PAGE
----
Environmental ImpactsPotential: Biodiversity loss (wildlife, agro-diversity), Food insecurity (crop damage), Loss of landscape/aesthetic degradation, Deforestation and loss of vegetation cover
Health ImpactsPotential: Accidents, Exposure to unknown or uncertain complex risks (radiation, etc…), Infectious diseases, Other Health impacts, Mental problems including stress, depression and suicide
OtherHigher risk of cancer
Socio-economic ImpactsPotential: Increase in Corruption/Co-optation of different actors, Displacement, Loss of livelihood, Loss of traditional knowledge/practices/cultures, Violations of human rights, Land dispossession, Loss of landscape/sense of place
Outcome
Project StatusPlanned (decision to go ahead eg EIA undertaken, etc)
Pathways for conflict outcome / responseCompensation
Court decision (undecided)
New legislation
Under negotiation
New Environmental Impact Assessment/Study
Project temporarily suspended
Development of AlternativesAs an alternative to the transmission line, the state of Roraima had been examining wind and solar power projects. While these would avoid the controversial crossing of indigenous livelihoods and presumable ecological conflicts, viability studies have also shown that these alternative plans would result cheaper. [9] [10]
Do you consider this as a success?Not Sure
Why? Explain briefly.The Waimiri Atroari community is again confronted with interventions into its livelihood and the violation of basic rights. Studies have shown the probable socio-environmental damages of the project, while alternative energy models have so far been omitted. With the transmission line, the state of Roraima would receive its energy supply from one of the world’s largest and most controversial hydroelectric projects, the Tucuruí dam in Pará.
Sources and Materials
Legislations

ILO Convention 169 on the rights of tribal people
[click to view]

Links

2. Duailibi, J. (2019): Licenças para linhão de Tucuruí devem sair até maio. G1 Globo, 22.02.2019. Online, last access: 18.04.2019.
[click to view]

3. Solidaridade Ibero-amaericana (2015): Linhão de Tucuruí: “Estado está impedindo o Estado de cumprir com suas obrigações legais”. 23.09.2015. Online, last access: 18.04.2019.
[click to view]

6. Portal Amazônia Real (2016): Justiça suspende licença prévia do Linhão de Tucuruí até consulta à indígenas. 02.03.2016. Online, last access: 18.04.2019.
[click to view]

7. Toledo, M. (2018): Índios liberam estudo para linha de transmissão que corta terra vaimiri-atroari. Folha de S. Paulo, 16.03.2018. Online, last access: 18.04.2019.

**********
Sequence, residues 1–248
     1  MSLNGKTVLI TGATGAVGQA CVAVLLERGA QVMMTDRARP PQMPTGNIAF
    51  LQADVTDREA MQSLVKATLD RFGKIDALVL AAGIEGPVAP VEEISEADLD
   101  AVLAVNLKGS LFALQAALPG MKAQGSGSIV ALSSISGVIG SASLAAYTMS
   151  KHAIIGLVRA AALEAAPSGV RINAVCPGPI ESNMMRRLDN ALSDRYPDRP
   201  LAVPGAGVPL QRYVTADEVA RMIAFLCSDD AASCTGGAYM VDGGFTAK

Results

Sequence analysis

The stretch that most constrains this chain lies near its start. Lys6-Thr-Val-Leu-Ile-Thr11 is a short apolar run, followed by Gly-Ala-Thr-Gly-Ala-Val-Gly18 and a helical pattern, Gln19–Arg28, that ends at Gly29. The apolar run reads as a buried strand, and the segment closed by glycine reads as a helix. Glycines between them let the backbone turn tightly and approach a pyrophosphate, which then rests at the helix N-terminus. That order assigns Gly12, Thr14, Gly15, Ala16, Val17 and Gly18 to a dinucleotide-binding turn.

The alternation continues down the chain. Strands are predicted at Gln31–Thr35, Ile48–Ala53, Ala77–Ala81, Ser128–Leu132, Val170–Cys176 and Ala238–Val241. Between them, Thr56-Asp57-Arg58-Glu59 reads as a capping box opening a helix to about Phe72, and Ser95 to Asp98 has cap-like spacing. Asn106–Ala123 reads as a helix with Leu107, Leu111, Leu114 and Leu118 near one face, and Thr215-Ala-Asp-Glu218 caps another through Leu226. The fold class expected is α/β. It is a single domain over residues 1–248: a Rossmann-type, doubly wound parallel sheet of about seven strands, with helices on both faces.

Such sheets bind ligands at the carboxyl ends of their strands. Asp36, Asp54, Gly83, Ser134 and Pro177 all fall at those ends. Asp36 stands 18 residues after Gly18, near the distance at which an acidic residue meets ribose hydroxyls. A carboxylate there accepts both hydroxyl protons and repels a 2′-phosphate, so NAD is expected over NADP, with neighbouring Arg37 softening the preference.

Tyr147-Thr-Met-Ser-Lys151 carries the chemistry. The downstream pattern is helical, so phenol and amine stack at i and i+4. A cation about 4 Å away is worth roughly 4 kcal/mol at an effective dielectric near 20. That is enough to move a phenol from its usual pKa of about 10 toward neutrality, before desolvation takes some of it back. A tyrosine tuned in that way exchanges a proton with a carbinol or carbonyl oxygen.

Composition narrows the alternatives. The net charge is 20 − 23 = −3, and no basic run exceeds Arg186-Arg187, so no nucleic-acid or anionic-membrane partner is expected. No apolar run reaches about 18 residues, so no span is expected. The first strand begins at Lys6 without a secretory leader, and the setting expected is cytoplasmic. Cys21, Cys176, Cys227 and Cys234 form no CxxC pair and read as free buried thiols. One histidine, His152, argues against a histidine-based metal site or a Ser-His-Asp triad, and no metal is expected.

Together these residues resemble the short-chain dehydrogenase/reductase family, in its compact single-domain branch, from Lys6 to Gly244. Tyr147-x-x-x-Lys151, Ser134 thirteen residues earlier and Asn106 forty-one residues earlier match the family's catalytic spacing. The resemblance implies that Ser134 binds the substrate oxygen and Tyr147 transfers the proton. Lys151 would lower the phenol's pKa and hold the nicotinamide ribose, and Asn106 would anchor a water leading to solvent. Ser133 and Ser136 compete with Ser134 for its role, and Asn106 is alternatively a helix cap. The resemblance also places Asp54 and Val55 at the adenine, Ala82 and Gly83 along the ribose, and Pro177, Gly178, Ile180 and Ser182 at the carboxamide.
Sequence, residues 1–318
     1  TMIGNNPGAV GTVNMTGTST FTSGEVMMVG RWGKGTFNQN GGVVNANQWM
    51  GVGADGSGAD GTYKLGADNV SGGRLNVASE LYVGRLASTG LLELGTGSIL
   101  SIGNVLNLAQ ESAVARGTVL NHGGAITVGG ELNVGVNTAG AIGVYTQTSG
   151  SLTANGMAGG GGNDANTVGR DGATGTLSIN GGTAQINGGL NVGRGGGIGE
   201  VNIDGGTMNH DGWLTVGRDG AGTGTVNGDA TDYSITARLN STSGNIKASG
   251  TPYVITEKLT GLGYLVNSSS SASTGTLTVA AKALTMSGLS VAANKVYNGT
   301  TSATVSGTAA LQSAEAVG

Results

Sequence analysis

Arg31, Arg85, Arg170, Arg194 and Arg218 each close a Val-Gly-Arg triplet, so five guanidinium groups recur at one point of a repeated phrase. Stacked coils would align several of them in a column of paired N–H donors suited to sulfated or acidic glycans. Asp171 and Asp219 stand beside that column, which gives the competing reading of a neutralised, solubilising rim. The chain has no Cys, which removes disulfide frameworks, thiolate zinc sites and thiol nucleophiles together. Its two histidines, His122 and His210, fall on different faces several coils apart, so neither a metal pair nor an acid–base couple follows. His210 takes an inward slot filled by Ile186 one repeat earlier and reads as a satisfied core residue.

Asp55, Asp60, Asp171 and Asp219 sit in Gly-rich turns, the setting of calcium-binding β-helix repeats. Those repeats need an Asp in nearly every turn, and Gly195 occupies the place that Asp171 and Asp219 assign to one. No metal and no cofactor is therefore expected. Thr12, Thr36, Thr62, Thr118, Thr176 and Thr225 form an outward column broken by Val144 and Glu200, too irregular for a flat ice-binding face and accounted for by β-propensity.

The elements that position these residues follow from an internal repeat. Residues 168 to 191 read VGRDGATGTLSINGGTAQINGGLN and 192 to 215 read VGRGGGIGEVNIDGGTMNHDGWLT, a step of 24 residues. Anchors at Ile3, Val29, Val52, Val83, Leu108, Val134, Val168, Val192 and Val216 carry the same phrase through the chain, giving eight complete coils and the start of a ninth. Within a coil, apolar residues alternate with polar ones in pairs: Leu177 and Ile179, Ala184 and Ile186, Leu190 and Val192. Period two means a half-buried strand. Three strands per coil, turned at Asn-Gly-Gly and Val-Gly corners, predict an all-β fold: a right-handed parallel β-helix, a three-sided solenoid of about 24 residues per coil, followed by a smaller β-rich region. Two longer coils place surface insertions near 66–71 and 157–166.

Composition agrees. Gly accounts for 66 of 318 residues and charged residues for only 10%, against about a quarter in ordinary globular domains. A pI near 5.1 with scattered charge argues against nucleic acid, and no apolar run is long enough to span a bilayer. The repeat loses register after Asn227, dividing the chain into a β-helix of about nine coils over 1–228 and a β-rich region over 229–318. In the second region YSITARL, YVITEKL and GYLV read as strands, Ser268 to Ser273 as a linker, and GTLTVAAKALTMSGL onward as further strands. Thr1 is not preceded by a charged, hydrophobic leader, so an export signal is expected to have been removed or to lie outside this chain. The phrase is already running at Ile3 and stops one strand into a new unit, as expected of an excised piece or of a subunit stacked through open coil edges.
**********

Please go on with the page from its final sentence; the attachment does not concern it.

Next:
[click to view]

9. Rocha, J. (2019): Brazil to build long-resisted Amazon transmission line on indigenous land. Mongabay, 13.03.2019. Online, last access: 18.04.2019.
[click to view]

1. Trajano, A. (2016): Waimiri Atroari não autorizam linhão de Tucuruí em suas terras. Amazônia Real, 07.01.2016. Online, last access: 18.04.2019.
[click to view]

5. Farias, E. (2019): MPF vai questionar na Justiça decisão que torna Linhão do Tucuruí questão de “Interesse Nacional”. Portal Amazônia Real, 01.03.2019. Online, last access: 18.04.2019.
[click to view]

8. Branford, S. (2017): A stubborn dreamer who fought to save Amazon’s Waimiri-Atroari passes. Mongabay, 18.05.2017. Online, last access: 18.04.2019.
[click to view]

10. Santos, I. (2019): Para Joênia Wapichana, “alternativas limpas e renováveis” podem substituir o linhão de Tucuruí. Portal Amazônia Real, 26.03.2019. Online, last access: 18.04.2019.
[click to view]

12. Carvalho, P. (2019): Indígenas bloqueiam trecho da BR-174. Folha de Boa Vista, 01.04.2019. Online, last access: 18.04.2019.
[click to view]

4. Marques, M. (2015): Senador de RR diz que 'interesses obscuros' atrasam obras de Tucuruí. G1 Globo, 20.03.2015. Online, last access: 18.04.2019.
[click to view]

11. COIAB (2019): Apoio ao povo Kinja (Waimiri-Atroari). 01.03.2019. Online, last access: 18.04.2019.
[click to view]

Other Documents

Politician Joênia Wapichana speaking out against the transmission line at a regional energy forum Source: Amazonia Real (© Alberto César Araujó)
[click to view]

The regional indigenous movement blocking the BR-174 in Roraima, April 2019 Source: Folha de Boa Vista
[click to view]

Stopped construction works of the Tucuruí line extension (Source: Folha de Boa Vista)
[click to view]

Kinja community members at the BR-174 road (Source: Solidaridade Ibero-Americana, msiainforma.org )
[click to view]

A tower of the existing Tucuruí transmission line section in Amazonas (Source: Revista Planeta Online)
[click to view]

Existing transmission lines and the planned Roraima extension of the Tucuruí line (Source: Notícia Plus; Graphic by Eletronorte)
[click to view]

Meta Information
ContributorENVJustice Project (MS)
Last update13/05/2019